Mi ha-ish Award

Posted by on May 7, 2014 in Awards, Certificates, and Commissioned Works, News, Visual Art | 0 comments

Mi ha-ish Award

A synagogue honoring a couple devoted to the community chose two excerpts from Tehilim (Psalms) which best capture their spirits.  Simple and colorful, this is a heartfelt gift, small enough (12″ X 12″) to find an honored spot in a home already full of life’s collection of meaningful artwork and mementos.

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Tzedakah Society Papercut

Posted by on May 7, 2014 in Awards, Certificates, and Commissioned Works, News, Papercuts, Public Art, Visual Art | 0 comments

Tzedakah Society Papercut

When the Susquehanna Tzedakah Society was founded, I was commissioned to create a limited number of papercuts to honor the small (and growing) but critical number of donors to the foundation that supports the planned giving work of the community.  Incorporated into the design are references to the story of Honi the Circlemaker who planted a seedling that produced carob fruit for the next generation, a passage from Amos in Hebrew and English, the Torah, and the waters of the river next to which the foundation is situated.  The original papercut that I made was sent off to be laser cut in California, and the design team told me that the lines I cut by hand were finer than what they could manage by machine on the paper I chose!  I felt like John Henry!...

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Medieval Star

Posted by on Feb 16, 2014 in Currently Available, Jewish Ritual Art, News, Visual Art | 0 comments

Medieval Star

Throughout the Middle Ages and into the Renaissance, manuscript art filled volumes with sacred Christian, Jewish, and Moslem writings.  While the lettered texts ranged from Latin to Hebrew to Arabic in a variety of ‘hands’ or lettering styles, there were some few decorative elements which were shared among the cultures. Initial letters, those elaborate letters that started pages of text and often featured fanciful animal and vine decoration, and gilded and painted leaves and dots, frequently had their counters-the spaces within the letter shapes-filled with patterns.  These patterns are found in Ireland’s Book of Kells, in 15th Century Haggadahs from Spain, in elegant Books of Hours from France, and in elaborate Arabic writings from the Middle East. Trefoils, ‘golf clubs’ – little patterns that served to fill in blank spaces around letters – have fascinated me since I had the good fortune to see pages from the Book of Kells when the book toured Philadelphia in the 1970’s, and to study with Mark Van Stone, master of Celtic lettering arts.  I decided to give these  doodles free reign, and the result is the Medieval Star, crafted entirely of these tiny shapes.  I used only a straight edge, a compass, and a Rapidograph pen, and built the design from the very center out, allowing it to grow organically. The entire design is less than 12 inches...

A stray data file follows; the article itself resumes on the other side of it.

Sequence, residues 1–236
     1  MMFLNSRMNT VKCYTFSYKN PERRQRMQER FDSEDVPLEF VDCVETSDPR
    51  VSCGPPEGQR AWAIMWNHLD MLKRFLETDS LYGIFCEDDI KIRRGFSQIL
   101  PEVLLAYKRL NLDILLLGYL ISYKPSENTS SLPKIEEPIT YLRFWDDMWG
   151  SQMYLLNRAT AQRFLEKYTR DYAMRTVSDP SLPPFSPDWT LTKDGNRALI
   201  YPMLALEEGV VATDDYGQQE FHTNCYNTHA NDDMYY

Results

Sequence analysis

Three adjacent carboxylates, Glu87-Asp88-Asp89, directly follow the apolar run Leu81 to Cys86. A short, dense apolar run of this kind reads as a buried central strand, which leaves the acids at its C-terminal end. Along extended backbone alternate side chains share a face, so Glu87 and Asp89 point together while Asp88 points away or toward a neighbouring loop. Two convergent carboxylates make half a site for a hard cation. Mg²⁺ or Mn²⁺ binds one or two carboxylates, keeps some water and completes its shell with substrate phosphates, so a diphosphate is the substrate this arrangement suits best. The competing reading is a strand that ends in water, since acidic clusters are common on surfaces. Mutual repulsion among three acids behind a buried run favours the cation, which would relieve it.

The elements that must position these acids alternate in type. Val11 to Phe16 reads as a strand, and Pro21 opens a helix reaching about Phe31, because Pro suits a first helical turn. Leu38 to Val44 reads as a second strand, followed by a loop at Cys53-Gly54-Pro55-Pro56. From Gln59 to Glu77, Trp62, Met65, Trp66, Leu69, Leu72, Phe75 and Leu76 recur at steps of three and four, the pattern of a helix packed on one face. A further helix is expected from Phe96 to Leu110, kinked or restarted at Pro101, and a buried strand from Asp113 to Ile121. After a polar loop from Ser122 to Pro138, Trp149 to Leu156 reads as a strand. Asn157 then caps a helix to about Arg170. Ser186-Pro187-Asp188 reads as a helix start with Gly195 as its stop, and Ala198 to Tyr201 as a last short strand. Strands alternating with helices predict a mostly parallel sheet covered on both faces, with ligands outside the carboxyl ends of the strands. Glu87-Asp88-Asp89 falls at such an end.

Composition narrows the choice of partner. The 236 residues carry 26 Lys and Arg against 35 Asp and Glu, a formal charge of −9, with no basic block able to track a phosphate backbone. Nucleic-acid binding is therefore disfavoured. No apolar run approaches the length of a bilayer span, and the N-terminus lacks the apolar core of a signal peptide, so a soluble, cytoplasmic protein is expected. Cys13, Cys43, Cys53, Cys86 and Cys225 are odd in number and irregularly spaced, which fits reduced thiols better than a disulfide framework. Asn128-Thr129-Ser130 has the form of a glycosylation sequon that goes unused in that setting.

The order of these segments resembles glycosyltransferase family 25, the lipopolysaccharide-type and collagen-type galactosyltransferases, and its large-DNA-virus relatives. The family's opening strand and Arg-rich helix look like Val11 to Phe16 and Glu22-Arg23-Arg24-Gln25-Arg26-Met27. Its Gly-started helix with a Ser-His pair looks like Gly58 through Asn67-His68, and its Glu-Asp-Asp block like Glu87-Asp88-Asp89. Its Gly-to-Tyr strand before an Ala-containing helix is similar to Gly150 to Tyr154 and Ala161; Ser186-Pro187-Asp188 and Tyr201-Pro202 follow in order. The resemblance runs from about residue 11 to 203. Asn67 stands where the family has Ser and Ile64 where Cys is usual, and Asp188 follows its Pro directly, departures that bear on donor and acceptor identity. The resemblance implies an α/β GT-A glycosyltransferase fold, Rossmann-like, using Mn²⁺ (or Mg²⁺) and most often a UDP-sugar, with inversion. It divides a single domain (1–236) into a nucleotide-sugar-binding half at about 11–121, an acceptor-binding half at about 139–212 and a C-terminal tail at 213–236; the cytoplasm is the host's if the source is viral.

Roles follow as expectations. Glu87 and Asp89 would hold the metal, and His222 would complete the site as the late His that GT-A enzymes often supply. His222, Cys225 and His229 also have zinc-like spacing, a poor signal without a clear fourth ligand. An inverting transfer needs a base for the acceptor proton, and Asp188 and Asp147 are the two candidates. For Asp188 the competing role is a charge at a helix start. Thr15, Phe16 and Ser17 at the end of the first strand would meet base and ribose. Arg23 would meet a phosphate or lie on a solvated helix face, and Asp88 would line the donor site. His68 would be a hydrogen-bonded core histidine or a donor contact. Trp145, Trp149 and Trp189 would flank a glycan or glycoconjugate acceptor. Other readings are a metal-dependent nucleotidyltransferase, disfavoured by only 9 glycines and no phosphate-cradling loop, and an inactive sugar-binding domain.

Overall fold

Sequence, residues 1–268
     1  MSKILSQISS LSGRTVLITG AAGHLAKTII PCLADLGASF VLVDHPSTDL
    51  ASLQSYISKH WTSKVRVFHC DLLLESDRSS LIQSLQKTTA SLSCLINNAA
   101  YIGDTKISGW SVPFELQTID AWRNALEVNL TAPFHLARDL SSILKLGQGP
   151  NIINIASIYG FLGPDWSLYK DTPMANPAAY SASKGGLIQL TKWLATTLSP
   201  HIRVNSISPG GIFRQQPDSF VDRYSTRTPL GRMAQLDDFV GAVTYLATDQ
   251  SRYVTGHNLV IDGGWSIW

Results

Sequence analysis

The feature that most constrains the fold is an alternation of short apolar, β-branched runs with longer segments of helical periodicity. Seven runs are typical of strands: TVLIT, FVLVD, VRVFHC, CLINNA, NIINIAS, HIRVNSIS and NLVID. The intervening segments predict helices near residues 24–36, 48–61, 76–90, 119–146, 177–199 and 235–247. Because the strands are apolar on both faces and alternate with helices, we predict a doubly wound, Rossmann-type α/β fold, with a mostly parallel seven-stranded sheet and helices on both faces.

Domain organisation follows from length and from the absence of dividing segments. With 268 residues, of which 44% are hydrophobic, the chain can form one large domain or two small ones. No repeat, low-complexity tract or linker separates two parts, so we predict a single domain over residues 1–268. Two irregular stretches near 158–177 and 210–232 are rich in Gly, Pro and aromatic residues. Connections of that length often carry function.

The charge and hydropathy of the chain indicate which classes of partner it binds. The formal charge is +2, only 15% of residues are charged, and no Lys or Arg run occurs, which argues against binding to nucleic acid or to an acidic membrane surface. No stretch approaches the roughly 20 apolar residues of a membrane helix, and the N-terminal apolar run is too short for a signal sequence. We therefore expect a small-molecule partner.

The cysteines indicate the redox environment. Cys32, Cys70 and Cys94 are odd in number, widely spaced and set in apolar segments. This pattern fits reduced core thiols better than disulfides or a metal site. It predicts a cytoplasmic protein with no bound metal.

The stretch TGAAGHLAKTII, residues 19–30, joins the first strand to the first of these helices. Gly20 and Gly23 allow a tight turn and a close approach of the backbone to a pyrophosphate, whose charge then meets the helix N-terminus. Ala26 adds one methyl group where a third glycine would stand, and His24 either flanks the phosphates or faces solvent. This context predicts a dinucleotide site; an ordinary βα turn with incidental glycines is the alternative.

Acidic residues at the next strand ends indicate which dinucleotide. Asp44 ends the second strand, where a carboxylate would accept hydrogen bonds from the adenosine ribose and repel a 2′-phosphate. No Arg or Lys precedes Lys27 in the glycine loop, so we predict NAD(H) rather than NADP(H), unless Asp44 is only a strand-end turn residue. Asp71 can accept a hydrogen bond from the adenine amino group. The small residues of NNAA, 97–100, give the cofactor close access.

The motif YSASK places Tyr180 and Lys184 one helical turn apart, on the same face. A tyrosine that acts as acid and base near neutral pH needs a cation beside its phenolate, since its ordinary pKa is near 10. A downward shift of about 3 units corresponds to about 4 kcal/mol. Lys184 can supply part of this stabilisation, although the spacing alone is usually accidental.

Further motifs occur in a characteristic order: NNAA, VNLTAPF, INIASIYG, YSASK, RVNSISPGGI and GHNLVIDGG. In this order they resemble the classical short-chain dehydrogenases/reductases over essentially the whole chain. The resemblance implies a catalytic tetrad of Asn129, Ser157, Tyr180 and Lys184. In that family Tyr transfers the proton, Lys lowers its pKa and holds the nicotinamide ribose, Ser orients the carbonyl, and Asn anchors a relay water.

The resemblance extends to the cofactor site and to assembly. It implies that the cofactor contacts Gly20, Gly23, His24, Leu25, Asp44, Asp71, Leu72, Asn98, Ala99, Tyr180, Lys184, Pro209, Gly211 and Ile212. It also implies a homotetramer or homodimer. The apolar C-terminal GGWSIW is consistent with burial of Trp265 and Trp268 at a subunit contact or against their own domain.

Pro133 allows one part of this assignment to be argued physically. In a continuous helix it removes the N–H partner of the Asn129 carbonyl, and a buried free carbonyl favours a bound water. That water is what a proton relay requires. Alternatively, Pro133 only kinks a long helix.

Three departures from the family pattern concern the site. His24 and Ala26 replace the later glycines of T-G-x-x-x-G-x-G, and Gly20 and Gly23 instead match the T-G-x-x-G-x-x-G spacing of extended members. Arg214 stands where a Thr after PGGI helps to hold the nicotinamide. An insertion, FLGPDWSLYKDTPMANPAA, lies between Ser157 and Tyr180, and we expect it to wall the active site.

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Somewhere Far Away

Posted by on Feb 16, 2014 in Awards, Certificates, and Commissioned Works, News, Papercuts, Public Art, Visual Art | 0 comments

Somewhere Far Away

A commissioned work five feet long and two feet in height hangs in the Penn State Library to honor child Holocaust survivor and philanthropist Linda Schwab.  The honoree chose a poem by H. Leivik which was written about the freedom he sought as a political prisoner in Siberia:  “Somewhere far away… buried treasure lies below the untrod snow…”  Designed to fit into a reading room on Holocaust studies, the Yiddish text is written in gouache mixed to have a coppery glow, with interlinear English translation in black. Cut white paper in various textures creates a sky with snowscape below.               At 60 inches, I worked with heavy watercolor paper purchased by the roll, and taped the entire piece to a massive table to complete the...

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Bezalel Style Ketubah Detail

Posted by on Feb 6, 2014 in Ketubah Art, News, Visual Art | 0 comments

Bezalel Style Ketubah Detail

In the 1920’s the Bezalel School of Art in Palestine drew on the popular design styles of contemporary German artists and combined that sensibility with Biblical imagery and traditional Hebrew texts.  This manner of framing vignettes around a central text is sometimes useful when couples come to me with a long list of disparate imagery they’d like worked into their ketubah. Here’s a detail from one such ketubah which incorporated images fof Jerusalem, references to the couple’s Hebrew names, holidays and times of year that were significant to them, and multiple passages from Hebrew...

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Torah Wimples

Posted by on Feb 6, 2014 in Jewish Ritual Art, News, Visual Art | 0 comments

Torah Wimples

Goucher College commissioned me to craft mantles for their two Torah scrolls, and I sewed these wimples to match the Torah covers. In both Ashkenazi and Sephardi tradition, the Torah wimple holds an important place in communal and family life. In Europe, the wimple was often crafted from a baby boy’s winding cloth, cut into strips and embroidered with the baby’s name and Jewish design.  In the Sephardi community, wimples were a unique donation item by women to synagogues. It’s important, when crafting the wimple, to know the girth of the Torah scrolls at different times of the Torah reading cycle, so it’s able to do it’s job of protecting the lettering by keeping the scroll snugly wrapped.  If the klaf (parchment) is wrapped too loosely, the ink that sits on top of the parchment may be damaged, thus rendering the scroll ritually impure and...

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